Walnut farms take generations to mature
But unlike most farmers, it’ll be 100 years before Goetsch’s most mature crop is ready for harvest.
Goetsch, 75, is a tree farmer who grows mostly black walnuts on his 33-acre woodland in Turtle Township. He has about 2,000 walnut as well as some oak, butternut and other hardwood trees.
Goetsch bought the woodlot in 1970 and planted his first walnuts in 1980. He thinks some of his most mature trees were planted by the former landowner in the 1930s.
About 20 inches around, even those are 100 years away from ideal harvest, said Goetsch, who serves on the Board of Directors of the International Walnut Council.
A perfect walnut tree has a tall, straight trunk with just a few branches high off the ground. To get that perfect trunk, walnuts need just the right amount of competition from other plants, said Goetsch, who took forestry in 4-H as a child in Juneau, Wis.
Goetsch digs a trench in the spring and dumps walnut fruits in it. A walnut fruit is the seed in its green husk that turns brown as it ripens.
Inside the husk, a black walnut seed is similar to the Persian walnuts we buy at the grocery store. But the shells are harder.
When the trees sprout in the trench, Goetsch replants them in rows a few feet apart so they have to fight each other just a little for sunlight.
Goetsch lets grass and weeds grow around the tiny trees. This provides protection and more competition.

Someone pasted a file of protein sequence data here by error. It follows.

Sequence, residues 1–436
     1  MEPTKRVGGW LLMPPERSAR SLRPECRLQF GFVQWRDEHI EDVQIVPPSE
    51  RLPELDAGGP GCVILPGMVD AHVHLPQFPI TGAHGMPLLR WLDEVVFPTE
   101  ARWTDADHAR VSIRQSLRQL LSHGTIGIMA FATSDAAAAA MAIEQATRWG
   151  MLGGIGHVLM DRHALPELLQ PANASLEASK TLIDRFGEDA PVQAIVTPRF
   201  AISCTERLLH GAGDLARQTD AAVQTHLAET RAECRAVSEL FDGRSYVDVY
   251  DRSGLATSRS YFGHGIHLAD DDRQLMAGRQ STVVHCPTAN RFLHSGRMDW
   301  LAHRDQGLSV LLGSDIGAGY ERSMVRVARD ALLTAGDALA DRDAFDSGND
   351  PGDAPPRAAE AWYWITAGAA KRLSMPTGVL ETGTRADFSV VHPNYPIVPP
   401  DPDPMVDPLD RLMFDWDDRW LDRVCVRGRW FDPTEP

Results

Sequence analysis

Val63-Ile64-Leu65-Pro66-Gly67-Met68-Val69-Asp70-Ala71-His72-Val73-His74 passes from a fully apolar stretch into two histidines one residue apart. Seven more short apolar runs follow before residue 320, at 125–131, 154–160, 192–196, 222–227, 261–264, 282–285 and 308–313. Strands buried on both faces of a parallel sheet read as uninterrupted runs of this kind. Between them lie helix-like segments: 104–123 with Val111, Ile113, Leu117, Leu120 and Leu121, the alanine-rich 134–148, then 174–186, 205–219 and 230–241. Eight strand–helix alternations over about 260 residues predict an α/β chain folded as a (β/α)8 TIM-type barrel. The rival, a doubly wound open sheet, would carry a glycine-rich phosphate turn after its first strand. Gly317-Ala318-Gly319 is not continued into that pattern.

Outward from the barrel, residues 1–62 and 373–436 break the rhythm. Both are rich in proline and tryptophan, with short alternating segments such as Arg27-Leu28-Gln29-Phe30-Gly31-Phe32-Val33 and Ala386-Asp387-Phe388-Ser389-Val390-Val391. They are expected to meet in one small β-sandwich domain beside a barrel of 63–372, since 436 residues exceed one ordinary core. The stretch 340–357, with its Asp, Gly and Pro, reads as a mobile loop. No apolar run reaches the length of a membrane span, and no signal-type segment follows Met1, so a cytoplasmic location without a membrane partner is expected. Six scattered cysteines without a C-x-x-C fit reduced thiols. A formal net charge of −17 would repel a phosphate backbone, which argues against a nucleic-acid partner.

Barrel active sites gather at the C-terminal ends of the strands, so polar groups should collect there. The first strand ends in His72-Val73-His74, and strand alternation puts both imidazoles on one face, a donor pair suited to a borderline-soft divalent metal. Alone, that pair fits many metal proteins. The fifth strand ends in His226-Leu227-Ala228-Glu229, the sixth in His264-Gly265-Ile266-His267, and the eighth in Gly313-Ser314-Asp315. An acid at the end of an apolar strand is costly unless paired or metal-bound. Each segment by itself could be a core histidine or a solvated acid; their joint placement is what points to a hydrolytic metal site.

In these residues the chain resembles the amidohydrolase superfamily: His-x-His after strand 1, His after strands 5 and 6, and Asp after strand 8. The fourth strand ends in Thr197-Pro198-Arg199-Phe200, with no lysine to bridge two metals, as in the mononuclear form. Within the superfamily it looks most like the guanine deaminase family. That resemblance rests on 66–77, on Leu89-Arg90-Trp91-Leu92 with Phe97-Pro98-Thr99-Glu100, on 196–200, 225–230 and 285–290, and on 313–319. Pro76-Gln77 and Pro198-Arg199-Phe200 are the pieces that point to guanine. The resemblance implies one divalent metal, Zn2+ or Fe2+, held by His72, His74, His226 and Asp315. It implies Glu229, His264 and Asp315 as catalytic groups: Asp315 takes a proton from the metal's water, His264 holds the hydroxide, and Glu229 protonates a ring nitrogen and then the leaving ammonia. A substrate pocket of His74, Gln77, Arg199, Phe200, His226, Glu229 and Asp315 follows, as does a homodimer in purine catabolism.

An electric fence protects the baby trees from hungry deer.
“Deer won’t let anything grow,” Goetsch said.
As the saplings grow, Goetsch thins the stand, pulling out the poorest trees.
“It’s all about management,” he said. “Mother Nature has no particular plan. If you want high-quality trees, you have to manage the forest to get them.”
Goetsch, a retired mechanical engineer, keeps charts of the quantity and quality of nuts produced by his most mature trees.
“Like any product—like corn or cattle—you want to choose your best trees to propagate,” Goetsch said.
But it’s not as easy as planting a nut from a really good tree and watching it to grow into another great tree. All the trees in the area have pollinated each other, so you never know what you’ll get in a nut.
Instead, producers snip the end of a twig and splice it onto a root. The new sapling will be a very close genetic match to the tree it came from.
When he’s done weighing and measuring walnut fruits and setting some aside for planting, Goetsch soaks the rest in buckets of water. Then he dumps them, water and all, into a motorized cement mixer. The fruits rattle around, and the husks slowly dissolve.
He stores them in wire baskets to dry. Then comes the good part.
“I eat them,” Goetsch said. “Every morning on my cereal.”